Another disappointment for Boeing in the space race. The American company was forced on Tuesday to postpone an unmanned test flight of its Starliner capsule to the International Space Station (ISS) due to a technical problem in the propulsion system.

The Starliner capsule was to be shipped from Cape Canaveral, Florida to 12 h 13 this Tuesday by an unmanned Atlas V rocket operated by the United Launch alliance – a partnership between Boeing and Lockheed Martin. But about 2 hours before launch, Boeing announced the flight’s cancellation on Twitter.

New Window Wednesday Not because of the capricious weather, explained Nasa, but due to “unexpected indications on the position of the valves of the Starliner propulsion system”. The next possible firing window is Wednesday at 12 h 57. The launch had already taken a bit of delay as it was scheduled for last Friday but was postponed for a few days following a temporary loss of control of the ISS, a Russian science module having unexpectedly activated its thrusters after being docked at the ISS, changing its orientation.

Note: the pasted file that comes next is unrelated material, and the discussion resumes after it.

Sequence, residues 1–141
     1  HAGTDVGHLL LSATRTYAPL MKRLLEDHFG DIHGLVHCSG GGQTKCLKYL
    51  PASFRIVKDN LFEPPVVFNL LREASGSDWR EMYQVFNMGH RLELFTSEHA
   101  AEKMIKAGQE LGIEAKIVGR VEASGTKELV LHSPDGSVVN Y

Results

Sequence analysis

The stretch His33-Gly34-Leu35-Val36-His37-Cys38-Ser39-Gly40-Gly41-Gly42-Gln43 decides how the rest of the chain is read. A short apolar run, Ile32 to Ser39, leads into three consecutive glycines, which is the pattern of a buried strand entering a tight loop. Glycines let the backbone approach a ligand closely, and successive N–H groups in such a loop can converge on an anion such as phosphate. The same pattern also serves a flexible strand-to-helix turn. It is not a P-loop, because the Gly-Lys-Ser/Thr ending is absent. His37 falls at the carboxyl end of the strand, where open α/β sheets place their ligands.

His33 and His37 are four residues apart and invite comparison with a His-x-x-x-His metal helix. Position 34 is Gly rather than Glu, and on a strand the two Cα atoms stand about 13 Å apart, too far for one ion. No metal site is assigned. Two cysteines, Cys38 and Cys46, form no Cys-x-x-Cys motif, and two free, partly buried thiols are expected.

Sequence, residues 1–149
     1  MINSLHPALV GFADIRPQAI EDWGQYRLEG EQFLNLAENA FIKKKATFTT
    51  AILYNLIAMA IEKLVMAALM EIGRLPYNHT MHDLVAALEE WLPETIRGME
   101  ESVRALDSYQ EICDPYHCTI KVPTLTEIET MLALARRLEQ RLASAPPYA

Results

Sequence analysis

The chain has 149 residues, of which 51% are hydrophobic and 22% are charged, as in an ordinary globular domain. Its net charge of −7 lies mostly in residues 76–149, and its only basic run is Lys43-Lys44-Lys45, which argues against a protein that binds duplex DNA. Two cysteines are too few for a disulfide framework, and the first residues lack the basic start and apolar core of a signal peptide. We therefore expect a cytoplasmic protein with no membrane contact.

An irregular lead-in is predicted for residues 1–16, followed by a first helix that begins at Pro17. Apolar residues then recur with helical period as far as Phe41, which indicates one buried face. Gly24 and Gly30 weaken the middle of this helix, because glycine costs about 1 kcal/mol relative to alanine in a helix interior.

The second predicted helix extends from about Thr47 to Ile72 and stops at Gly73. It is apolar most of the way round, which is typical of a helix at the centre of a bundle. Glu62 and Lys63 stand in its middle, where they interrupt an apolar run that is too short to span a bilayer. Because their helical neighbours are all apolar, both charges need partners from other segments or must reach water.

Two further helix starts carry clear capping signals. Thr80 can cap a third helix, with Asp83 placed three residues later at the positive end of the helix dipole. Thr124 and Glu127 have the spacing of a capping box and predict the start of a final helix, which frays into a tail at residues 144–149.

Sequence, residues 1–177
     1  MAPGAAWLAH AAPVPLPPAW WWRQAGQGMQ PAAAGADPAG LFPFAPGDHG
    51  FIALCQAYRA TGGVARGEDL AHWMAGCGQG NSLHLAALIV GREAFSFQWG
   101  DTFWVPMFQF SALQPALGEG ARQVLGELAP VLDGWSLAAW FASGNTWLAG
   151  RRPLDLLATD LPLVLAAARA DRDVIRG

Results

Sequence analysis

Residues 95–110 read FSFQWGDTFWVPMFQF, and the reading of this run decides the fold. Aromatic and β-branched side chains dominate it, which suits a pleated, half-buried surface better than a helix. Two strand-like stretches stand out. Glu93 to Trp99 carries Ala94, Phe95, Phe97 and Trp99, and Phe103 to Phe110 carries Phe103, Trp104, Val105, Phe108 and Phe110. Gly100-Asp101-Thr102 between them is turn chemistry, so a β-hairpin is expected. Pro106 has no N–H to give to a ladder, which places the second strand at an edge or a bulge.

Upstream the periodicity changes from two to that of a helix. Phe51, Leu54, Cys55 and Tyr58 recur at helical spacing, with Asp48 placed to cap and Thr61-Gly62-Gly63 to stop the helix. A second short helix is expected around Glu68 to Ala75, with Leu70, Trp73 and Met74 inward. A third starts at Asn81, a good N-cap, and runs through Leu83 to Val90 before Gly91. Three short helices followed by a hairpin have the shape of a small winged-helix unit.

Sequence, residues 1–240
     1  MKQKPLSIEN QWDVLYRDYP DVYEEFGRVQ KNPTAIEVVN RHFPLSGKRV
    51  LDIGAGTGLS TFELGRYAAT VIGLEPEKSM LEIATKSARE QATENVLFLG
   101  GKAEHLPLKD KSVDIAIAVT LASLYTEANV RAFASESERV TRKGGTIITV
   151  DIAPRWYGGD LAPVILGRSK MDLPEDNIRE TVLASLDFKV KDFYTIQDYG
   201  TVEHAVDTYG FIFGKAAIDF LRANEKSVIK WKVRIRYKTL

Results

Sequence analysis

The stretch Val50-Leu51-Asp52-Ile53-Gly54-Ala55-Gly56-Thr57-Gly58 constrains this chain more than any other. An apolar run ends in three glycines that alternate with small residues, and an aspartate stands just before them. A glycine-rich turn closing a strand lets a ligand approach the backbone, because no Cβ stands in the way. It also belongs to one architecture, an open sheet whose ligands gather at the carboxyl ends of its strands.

For Boeing, this test flight is crucial because the first test in 2019 came close to disaster . On a first attempt, a software issue caused a problem with the way the capsule ignited its thrusters.

As a result, Starliner did not have enough fuel to reach the ‘ISS and turned back to Earth prematurely. An investigation then showed that the capsule had almost experienced a serious flight anomaly on entering the atmosphere.

In 2011, the NASA has ended its space shuttle program. The American agency then turned to Boeing and Elon Musk’s company SpaceX to do without Russian rockets to reach the ISS. The Crew Dragon capsule, developed by SpaceX, has already made it possible to send a dozen astronauts into space, including the French Thomas Pesquet .